I’m aware of horizontal venting causing significant fire growth that caused a flashover and nozzle firefighter was killed, because they had failed to flow water. Their failure to FLOW WATER was from improper training. We STILL have fire academies teaching recruits to not flow water on smoke and to be concerned with steam production. I just had a new firefighter “21 y/o tell me that his instructors advised him to not flow water on smoke and when it’s hot smoke to not put water in the overhead. They taught him that water turns to steam and that will burn him. That’s a short version.

      BADICALLY we have some teaching fire academies for extra money that really do not understand fire attack/tactics. It’s a side job for them.

    • I completely disagree. I’ve been on many fires where we were getting our asses handed to us trying to get to the fire. If it weren’t for good roof ops we wouldn’t have gotten much past the front door. Timing is important hoselines should be going in but flowing? No way.

    • That firefighter was checking for extension in an abandoned commercial building from a dumpster fire and fell thru a skylight. not the same thing.

  3. It’s simple guys. Venting the roof works. The important thing here and what we need to teach and preach…… take your time, use roof ladders, and use all your tools, especially the one God gave you, use your brain it might save your life.
    If I’m inside on a hand line inside and someone horizontally vents without me asking and I make it out. Me and that person will have a short talk about them finding a new line of work.

  4. I am unaware of ANY adverse affects of opening the roof on any type of building fire, where water is available for the engine company. operating on a roof is not any more or less dangerous than traditional engine work. As for manpower, 2 or 3 guys are all that are needed ON a roof to be effective. I don’t know where the fallacy that you need tons of guys on the roof comes from, which subsequently makes departments thing they don’t have the manpower to do traditional truck work. Two guys can make a nice hole on most dwellings.

    Shane Klug
    Detroit Ladder 26

    • Well said. We in LA have typically 3 guys. Our driver , the top guy and eventually (after securing utilities) the tillerman. If it’s an extended op and we are gonna do a strip we send more trucks to the roof

  5. We have seen sevaral members burned over the past year and the cause of these burns…NOT FLOWING WATER! Curt is correct, we have to change the way we are teaching our young firefighters. The first thing is developing new standards, 1403 may be protectecting these members during training, but it’s also getting them hurt in the real world! I dont believe we need to go back to throwing tires on a couch or pouring out 5-gallons of flammable liquid to create real fire enviroments. However, unless students see, feel, and understand how these low mass plastics burn and produce massive amouints of heat, they will continue to think that three blast of water will put out anything!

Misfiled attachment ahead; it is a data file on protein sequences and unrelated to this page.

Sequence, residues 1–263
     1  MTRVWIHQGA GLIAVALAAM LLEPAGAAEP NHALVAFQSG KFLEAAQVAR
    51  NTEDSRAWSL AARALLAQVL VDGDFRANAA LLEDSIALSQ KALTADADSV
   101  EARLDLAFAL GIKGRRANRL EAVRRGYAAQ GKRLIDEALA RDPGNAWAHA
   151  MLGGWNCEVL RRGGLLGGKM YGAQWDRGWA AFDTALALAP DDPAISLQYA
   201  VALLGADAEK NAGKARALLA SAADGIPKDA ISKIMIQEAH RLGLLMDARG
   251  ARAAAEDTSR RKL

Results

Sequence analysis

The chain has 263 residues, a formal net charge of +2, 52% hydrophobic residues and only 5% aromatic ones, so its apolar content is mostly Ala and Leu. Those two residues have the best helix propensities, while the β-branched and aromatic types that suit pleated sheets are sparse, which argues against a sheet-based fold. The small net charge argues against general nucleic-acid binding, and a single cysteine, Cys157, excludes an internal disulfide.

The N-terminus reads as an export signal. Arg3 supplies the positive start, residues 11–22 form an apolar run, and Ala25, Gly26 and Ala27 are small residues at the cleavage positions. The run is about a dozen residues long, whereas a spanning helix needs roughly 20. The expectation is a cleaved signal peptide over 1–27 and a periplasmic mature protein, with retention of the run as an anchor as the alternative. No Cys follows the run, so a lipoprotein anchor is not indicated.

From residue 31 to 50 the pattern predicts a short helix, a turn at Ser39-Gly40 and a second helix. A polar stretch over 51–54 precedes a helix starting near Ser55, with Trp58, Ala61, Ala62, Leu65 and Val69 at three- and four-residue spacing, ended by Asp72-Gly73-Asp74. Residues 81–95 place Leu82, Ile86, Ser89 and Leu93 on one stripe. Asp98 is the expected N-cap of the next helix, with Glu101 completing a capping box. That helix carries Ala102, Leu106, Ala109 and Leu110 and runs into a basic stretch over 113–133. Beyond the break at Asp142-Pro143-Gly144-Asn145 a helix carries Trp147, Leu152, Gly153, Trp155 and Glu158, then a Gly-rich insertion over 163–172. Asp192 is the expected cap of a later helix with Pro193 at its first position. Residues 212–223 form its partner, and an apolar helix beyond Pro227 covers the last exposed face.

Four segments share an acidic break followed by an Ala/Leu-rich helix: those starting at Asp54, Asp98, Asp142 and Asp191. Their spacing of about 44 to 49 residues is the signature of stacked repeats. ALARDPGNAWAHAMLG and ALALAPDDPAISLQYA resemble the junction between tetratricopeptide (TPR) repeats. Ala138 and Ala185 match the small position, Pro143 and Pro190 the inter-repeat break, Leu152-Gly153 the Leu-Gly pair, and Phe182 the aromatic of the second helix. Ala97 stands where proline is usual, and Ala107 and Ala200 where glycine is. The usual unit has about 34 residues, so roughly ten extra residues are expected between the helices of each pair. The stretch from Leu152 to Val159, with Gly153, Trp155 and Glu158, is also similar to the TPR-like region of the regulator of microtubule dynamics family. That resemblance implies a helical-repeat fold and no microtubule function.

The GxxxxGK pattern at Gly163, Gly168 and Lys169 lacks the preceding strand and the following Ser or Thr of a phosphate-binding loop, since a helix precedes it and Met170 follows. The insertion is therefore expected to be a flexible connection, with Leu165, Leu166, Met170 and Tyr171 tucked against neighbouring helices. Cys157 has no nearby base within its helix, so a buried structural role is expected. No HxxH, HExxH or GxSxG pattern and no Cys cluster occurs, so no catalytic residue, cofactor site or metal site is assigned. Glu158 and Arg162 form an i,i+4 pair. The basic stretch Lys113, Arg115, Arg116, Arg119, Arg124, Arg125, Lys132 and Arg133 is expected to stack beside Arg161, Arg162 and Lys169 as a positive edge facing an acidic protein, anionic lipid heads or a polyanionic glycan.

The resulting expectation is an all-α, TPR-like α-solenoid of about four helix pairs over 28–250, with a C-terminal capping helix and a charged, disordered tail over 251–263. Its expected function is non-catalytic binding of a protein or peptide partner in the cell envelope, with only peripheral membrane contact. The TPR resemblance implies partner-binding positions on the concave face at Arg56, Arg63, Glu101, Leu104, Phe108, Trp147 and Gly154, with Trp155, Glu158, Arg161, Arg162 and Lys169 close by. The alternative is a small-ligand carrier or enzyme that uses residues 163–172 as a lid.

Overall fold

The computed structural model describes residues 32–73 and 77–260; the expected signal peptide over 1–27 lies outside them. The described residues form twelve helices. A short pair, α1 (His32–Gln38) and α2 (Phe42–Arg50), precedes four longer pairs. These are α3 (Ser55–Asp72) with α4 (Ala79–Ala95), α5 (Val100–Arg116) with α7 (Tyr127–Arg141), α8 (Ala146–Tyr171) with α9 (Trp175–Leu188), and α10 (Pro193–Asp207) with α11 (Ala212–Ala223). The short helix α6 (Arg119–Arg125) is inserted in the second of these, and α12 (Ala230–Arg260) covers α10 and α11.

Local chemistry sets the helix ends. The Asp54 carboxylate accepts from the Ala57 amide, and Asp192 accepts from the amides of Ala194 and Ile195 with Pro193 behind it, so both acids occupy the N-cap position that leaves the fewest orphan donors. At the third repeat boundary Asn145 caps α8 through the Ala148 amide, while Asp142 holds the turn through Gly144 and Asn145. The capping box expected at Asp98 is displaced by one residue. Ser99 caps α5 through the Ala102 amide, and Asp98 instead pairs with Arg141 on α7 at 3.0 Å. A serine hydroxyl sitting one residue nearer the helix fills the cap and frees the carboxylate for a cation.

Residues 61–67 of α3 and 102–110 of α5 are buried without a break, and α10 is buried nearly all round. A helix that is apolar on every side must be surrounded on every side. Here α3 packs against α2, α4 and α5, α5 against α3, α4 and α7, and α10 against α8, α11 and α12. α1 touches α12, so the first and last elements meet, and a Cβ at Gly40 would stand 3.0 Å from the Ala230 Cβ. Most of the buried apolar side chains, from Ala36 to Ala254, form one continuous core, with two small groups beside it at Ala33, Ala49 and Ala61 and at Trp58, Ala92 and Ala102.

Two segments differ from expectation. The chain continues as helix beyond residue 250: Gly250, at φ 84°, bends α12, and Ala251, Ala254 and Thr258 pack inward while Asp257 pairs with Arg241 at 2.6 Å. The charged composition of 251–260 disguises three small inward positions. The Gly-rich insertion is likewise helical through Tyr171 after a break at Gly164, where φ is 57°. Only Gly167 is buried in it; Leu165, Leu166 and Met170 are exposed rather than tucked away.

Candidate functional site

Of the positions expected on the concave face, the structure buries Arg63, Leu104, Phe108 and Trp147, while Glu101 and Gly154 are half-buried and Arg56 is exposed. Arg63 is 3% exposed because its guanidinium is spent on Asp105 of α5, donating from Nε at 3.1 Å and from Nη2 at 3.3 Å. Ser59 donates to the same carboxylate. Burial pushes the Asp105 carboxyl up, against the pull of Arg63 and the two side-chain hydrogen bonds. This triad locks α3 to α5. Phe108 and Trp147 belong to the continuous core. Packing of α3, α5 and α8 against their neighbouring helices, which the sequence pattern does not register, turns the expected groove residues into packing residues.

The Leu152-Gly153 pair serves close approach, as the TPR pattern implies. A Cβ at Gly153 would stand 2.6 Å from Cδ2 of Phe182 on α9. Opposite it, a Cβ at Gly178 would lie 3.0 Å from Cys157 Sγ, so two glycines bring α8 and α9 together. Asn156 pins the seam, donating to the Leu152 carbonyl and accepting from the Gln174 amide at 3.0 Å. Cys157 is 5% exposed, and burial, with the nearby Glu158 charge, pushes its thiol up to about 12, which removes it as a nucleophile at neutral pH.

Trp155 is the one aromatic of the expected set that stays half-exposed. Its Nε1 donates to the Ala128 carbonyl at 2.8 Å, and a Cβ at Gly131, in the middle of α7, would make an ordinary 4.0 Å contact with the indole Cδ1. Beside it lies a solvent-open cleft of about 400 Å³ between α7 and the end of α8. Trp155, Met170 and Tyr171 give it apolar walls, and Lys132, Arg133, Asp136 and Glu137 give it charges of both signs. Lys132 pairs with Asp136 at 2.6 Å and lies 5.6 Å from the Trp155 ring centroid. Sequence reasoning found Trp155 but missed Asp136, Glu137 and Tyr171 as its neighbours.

Let’s teach them what is really burning, how water effects these materials, and how ventilation when timed with charged hoselines still works! Yes, the recent UL/NIST studies are great and should be used in our training. However, this information should be used correctly and demonstrated. It’s like everything in the fire service; theres a time and place for everything! Remeber when everyone thought that no fire could ever be extinguished again without PPV?

    Be Safe!

  6. While I strongly believe in vertical ventilation, this video is far from a great example. This fire was vented prior to arrival by two giant open roll up doors. An aggressive fire attack and water application put out his fire. This building was likely to have exposed roofing members with fire impingement on them. The chance of trapped occupants is slim to none in a commercial occupancy during the day. Roof operations on his building could be considered dangerous and unnecessary. The only thing you effectively vented was the small space between the top of the roll ups and the roof.

Leave a Reply

Fill in your details below or click an icon to log in:

WordPress.com Logo

You are commenting using your WordPress.com account. Log Out / Change )

Twitter picture

You are commenting using your Twitter account. Log Out / Change )

Facebook photo

You are commenting using your Facebook account. Log Out / Change )

Google+ photo

You are commenting using your Google+ account. Log Out / Change )

Connecting to %s